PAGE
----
He says the reason for selecting Edgetech was that it provided the best seal stability in the market and “we needed to go in a direction for longevity. We felt this system offered us and our customers the best opportunity for long-lasting, high quality units.”
Describing a new integrated system, Channell says it brought the company into the millennium to meet the manufacturers’ needs of today. He explains that after a long and extensive search, WTS Paradigm was selected to develop a totally integrated system.
“The front- and back-end are very user friendly which allows us to grow our business and make it easier for our customers.”
He says another key benefit is that it will help the company reduce scrap on the back end and add efficiency to the operation.
“It ties into our lineal saws and every other component including glass optimization and inventory. This system will generate significant savings for us and increase our efficiency.”
Channell explains that in the past three and one half years, the output on the double-hung line has increased dramatically.
“We went from five windows per person per day to 11 windows per person. That is due largely to the equipment we have purchased.”
But he points out that there is another factor, equally if not more important: the human factor.
Culture Makes the Difference
“Our most important resource is our employees and that is a recurring theme,” says Channell.
He believes that what makes the company unique is more about a culture of communication and change. Everyone knows that unless the customer and customer’s customer “are thrilled with our products and services, we will not grow.”
He says every employee is aware of the link between individual performance and growth. He refers to key performance indicators as a means for all employees to see and track performance against target.
“If people know that what they do matters, they will be successful,” says Lenny Perrault vice president of manufacturing. “People must believe in what you are doing. They will work to help you achieve goals,” he says.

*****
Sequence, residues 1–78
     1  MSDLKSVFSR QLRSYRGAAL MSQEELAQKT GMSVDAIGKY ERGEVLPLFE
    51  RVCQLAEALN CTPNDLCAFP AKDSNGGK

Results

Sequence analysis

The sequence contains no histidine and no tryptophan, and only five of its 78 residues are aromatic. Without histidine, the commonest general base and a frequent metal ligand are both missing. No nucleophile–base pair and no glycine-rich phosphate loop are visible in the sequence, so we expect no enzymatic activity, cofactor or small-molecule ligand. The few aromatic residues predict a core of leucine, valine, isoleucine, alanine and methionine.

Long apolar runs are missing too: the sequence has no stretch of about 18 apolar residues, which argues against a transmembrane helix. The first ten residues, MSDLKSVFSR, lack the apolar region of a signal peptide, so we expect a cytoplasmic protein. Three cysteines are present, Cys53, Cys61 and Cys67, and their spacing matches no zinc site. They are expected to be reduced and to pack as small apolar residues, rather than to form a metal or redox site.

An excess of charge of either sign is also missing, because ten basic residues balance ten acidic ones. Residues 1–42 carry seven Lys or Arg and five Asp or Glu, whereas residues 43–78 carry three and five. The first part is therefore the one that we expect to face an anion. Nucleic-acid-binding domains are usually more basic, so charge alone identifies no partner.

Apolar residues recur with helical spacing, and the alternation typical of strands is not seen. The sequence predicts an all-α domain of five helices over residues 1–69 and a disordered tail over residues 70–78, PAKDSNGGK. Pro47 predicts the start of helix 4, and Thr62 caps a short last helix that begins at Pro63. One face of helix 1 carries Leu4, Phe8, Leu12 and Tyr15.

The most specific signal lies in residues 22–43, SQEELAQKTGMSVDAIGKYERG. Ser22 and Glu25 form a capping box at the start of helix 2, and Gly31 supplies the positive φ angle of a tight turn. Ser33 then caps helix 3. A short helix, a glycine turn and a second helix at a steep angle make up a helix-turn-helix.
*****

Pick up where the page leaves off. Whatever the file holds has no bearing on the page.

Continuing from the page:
Stressing the need for customer service, Perrault says that in this industry, just being part of the supply chain does not work anymore. Competition is too keen and serving the customer in every possible way must be a priority in order to survive.
Channell is pleased with the mix of people in the plant. “There are people like me who were born in this industry and know one way of doing things and new people who bring other ideas to the vinyl business.”
Today, there are 55 people who contribute to the company’s growth.
Opportunities have been mostly in new construction. Welded vinyl windows include double-hung, sliders, picture windows, hoppers, awning, garden windows, bay and bow windows and custom shapes from circle tops to octagons and trapezoids. Patio doors are available in standard and custom sizes, swing doors can be made in almost any configuration and storm doors are made in multiple sizes and styles to meet individual needs.
“Our marketing is geared to our customers [dealers, distributors and installers],” says Tracy Channell, marketing coordinator and Scott’s wife.
She says the marketing effort covers a lot of ground.
“We provide them with the information and support to help sell our products to their customer base.
”She points out that a lot of her work is really a personalized approach to each customer’s needs.
“One day, I may be creating a newspaper ad and the next a marketing bulletin advising of available tax credits.”
She describes a key part of her job as finding ways to make improvements where they are needed.
“I fill in the holes with various marketing services to our customers,” she adds.
Cindy Mitter, office manager, also knows about customer service. Prior to becoming office manager in 2004, she was a customer service representative for three years. She sees her work as a variation of what her previous responsibilities.
“I simply provide a different type of service but customer service is customer service.”
Channell sees the current challenges as the impact of increasing costs—especially energy and health care—and the need to gain market share at a time when the market is slow and competition is stiff. For the future, staying innovative and taking advantage of the new technology are the challenges.
As for globalization, while the company is not affected by it, “we must keep a close eye on developments in China,” he says.
As a U.S. window manufacturer, the company must work smarter and be as efficient as possible. He says the day-to-day challenge is to take advantage of every opportunity to be better and more efficient.
“We are only as good as the last window we made,” says Channell, who in a relatively short period of time has seen the benefits of growth by investing in production and people.
Alan B. Goldberg is a contributing writer for DWM magazine. He has 31 years of experience in the window industry.